On the southwest corner of Loras Boulevard (named after one of the many of Dubuque’s universities up the bluffs to the west and what was originally 14th Street) and Locust Street are two of the most beautiful houses in the city, and the Midwest. They were both owned by William Ryan, who made his fortune in meat packing.
The first house is simply known as the Ryan House, which is a pure example of the Italianate villa style from the 1870s, and something I would expect to see around Tower Grove Park or Lafayette Square in St. Louis.
Consciously asymmetrical, but still compositionally balanced, the tower, built for the venting of hot air in the summer when the windows would be opened to draw the air upward, the massing of the house is then arranged around it.
Next door, the house is in a different style, but they work together as a pair.
The Andrew-Ryan or the Thompson-Ryan House, to the south, is one of the most amazing examples of the Second Empire in the country, in my opinion. It has an interesting history; it was built in 1873, but was moved thirteen feet to the south in 1890, when the elaborate porch on the south was added. It was originally built for Mayor John Thompson, and William Ryan eventually moved in from the house we just saw to the north.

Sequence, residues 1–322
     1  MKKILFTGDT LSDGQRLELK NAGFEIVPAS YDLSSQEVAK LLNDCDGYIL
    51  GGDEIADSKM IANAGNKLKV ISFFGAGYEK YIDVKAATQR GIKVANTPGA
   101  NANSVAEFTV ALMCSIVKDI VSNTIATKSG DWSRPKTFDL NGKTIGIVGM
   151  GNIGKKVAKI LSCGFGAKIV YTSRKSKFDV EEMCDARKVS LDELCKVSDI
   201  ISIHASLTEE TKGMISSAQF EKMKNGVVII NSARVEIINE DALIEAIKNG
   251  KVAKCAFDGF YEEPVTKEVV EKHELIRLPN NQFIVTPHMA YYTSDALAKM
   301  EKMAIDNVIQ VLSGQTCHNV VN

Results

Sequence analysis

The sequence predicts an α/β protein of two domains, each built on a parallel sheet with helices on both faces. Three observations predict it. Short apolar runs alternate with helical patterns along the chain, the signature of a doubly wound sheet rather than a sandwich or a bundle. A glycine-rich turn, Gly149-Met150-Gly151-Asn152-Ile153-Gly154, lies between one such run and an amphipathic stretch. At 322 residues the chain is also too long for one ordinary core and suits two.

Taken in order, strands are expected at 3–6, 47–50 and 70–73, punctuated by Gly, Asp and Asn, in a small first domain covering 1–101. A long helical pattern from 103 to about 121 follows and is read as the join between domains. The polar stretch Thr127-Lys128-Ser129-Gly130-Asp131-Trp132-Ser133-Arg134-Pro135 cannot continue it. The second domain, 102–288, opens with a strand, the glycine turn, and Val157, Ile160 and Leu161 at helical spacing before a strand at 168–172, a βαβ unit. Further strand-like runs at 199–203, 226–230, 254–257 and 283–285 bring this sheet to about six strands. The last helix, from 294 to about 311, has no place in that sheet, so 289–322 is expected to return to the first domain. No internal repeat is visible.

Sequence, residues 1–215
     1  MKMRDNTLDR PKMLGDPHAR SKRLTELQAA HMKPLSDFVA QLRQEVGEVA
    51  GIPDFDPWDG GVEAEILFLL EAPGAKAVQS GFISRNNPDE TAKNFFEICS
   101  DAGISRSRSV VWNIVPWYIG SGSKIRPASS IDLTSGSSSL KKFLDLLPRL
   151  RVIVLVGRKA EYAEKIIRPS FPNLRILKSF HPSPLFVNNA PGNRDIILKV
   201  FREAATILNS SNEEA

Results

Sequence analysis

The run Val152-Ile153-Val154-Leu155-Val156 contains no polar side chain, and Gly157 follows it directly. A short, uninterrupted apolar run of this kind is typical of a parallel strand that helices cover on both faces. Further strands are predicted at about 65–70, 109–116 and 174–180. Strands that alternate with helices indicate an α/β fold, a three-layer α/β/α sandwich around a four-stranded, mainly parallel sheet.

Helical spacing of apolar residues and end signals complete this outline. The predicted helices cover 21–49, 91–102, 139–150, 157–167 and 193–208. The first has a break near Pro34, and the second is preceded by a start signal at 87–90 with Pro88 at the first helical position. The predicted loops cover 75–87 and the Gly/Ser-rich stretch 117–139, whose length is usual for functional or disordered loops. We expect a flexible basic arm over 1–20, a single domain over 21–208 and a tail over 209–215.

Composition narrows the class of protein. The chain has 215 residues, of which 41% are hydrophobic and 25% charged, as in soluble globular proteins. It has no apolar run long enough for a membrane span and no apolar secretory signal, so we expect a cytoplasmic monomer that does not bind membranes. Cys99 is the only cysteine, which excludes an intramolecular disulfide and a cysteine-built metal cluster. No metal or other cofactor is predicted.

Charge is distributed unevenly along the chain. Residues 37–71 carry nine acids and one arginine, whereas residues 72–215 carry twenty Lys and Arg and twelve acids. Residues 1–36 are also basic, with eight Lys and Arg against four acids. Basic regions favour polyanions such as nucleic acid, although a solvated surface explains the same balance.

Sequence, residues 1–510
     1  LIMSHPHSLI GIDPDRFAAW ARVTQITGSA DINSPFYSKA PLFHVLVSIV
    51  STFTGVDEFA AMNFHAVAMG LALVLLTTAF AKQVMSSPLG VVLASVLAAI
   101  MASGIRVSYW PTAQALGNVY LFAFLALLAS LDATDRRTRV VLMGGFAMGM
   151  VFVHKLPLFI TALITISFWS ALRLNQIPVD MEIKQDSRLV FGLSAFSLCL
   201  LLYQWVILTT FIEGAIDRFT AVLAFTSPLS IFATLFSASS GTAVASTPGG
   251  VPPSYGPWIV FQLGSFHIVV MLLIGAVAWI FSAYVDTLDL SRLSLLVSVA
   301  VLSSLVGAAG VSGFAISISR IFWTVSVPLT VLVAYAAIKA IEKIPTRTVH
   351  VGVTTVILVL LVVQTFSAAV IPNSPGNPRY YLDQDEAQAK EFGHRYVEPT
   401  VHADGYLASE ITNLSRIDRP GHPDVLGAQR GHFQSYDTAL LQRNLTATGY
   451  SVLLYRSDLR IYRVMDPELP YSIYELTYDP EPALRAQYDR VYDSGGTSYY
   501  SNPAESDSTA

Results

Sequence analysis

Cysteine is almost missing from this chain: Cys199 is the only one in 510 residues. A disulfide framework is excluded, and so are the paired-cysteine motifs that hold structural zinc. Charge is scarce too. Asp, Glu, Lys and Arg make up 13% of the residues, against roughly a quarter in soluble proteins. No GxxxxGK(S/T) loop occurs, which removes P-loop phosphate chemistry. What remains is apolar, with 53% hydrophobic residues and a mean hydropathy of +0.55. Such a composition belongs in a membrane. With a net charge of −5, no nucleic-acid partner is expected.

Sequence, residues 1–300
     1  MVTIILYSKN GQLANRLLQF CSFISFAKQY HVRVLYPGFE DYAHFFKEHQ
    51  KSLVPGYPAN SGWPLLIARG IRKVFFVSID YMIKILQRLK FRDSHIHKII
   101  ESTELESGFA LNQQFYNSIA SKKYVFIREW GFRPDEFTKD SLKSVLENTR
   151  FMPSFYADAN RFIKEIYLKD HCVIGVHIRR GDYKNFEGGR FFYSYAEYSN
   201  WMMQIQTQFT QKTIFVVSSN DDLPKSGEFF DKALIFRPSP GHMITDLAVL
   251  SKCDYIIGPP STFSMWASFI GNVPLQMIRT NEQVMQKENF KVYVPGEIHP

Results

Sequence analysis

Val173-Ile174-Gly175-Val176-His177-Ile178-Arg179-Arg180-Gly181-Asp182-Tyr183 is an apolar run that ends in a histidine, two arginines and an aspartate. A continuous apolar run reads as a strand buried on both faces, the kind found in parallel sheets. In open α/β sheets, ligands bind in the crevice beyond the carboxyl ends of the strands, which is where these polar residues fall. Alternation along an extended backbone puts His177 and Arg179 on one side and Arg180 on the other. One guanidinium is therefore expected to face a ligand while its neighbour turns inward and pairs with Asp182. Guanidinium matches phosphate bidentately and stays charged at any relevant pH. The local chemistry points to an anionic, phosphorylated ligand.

By 1890, the style was already falling out of favor, so it’s an interesting commitment to the house to save it and not tear it down and replacement it with a Romanesque Revival house, which is what would have been in style at the time.
The belvedere on the roof is rare to survive this long, and is restored to its original appearance.
The yellow sandstone, which is common in northeastern Iowa, also prevails on the window and door treatments. I believe the bay window below may have been added in 1890, as well.